Issue 127: Samba compositions

I’ve been giving some thought on how to add a composition element to the Wider Opportunities samba classes I have been teaching.

I’ve just six more sessions for one class, before we do a final “end-of-year” presentation.

I am planning to divide up the class into four samba bands (there are 43 children in the group), each with a couple of surdos, tamborims, ganzas, agogo bells and boomwhackers (which we have been using all year to augment the basic samba kit). The bands will then devise their own sambas, creating their own rhythms for each section, and maybe incorporating introductions, breaks and endings.

Obviously this is going to create an impossible level of racket and cacophony in the rather small and echoing school hall, but I am hoping that with the better weather we will be able to work out of doors in the playground (I hope none of the neighbours are on night shift).

For preparation, I will do some work where I will give sections new and random rhythms to play, based on short phrases; for example “Mo Farah, running a marathon” or “Pizza, pizza, sausage and chips” or whatever comes to mind. Then each section can work together to devise their own rhythm, within a clearly defined pulse framework, so that they understand that the phrase has to fit into four beats. In order to develop independence in playing a rhythm, I will get the children to work in pairs to create and play another rhythmic phrase.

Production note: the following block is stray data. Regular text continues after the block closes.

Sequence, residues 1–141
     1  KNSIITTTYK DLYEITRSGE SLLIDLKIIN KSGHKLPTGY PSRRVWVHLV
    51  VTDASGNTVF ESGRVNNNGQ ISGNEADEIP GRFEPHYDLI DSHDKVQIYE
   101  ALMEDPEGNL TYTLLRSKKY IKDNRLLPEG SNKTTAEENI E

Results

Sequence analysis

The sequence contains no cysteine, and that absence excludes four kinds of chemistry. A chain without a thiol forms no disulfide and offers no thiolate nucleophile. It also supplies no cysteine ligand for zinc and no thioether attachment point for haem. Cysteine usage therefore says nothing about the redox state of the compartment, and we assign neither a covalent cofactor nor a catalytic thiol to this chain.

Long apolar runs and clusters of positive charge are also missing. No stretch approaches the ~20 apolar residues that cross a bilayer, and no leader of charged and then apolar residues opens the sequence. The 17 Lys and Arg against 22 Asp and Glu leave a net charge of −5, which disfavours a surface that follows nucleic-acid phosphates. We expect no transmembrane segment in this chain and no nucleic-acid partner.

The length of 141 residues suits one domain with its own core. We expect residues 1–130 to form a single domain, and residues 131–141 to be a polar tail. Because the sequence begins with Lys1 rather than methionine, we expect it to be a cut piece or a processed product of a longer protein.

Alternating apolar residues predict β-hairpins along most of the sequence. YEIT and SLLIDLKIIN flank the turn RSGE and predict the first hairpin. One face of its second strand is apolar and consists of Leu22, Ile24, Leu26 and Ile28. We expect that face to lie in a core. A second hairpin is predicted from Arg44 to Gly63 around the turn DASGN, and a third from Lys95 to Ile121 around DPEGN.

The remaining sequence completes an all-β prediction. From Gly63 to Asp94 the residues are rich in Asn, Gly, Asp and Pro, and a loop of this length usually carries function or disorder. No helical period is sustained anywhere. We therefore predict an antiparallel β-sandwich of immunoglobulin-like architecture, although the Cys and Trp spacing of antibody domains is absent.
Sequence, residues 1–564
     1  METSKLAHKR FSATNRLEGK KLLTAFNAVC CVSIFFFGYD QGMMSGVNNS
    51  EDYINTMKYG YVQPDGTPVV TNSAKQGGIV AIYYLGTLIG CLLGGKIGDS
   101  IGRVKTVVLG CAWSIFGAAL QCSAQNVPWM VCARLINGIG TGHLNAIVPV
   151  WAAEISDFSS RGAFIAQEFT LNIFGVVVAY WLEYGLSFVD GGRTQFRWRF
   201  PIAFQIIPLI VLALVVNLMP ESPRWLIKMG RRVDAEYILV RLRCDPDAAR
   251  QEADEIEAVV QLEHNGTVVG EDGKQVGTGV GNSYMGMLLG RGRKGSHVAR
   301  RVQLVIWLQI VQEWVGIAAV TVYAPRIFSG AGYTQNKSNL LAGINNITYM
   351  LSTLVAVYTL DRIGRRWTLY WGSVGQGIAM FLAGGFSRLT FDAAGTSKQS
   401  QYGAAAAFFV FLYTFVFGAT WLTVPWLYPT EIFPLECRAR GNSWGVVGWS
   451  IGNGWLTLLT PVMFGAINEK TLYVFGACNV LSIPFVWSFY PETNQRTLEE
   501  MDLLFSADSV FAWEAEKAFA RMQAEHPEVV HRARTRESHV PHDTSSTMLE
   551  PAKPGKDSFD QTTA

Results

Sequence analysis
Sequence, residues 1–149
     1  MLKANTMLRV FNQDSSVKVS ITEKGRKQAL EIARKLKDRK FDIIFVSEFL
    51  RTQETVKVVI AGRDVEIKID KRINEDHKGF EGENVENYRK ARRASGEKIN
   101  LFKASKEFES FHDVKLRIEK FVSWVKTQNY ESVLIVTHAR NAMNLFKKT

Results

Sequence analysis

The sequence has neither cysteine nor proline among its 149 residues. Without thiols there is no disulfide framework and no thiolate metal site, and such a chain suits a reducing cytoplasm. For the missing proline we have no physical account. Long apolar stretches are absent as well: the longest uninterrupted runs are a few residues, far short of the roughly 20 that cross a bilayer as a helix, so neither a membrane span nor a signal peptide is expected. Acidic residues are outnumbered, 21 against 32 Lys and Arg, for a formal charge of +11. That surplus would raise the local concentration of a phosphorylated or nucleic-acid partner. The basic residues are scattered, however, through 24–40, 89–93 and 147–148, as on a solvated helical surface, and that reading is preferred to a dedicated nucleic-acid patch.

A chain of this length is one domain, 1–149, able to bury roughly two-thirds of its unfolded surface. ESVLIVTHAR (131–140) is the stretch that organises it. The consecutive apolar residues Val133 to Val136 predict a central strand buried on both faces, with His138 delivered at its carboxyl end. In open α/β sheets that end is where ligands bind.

We can all play as a whole class at the same time at this stage of the preparatory work, and once all these phases have been completed, the four samba bands should be in a position to create and learn to perform their own sambas.

The children in this group come from two classes with wildly different topics, otherwise I would have suggested that they use their topic as a basis for the composition.

Hint; when doing “individual” composition work with large classes and noisy instruments in small halls, confiscate ALL sticks and beaters and tell the children to play their instruments with their fingers while they are practising. That keeps the number of decibels down to just about bearable levels.


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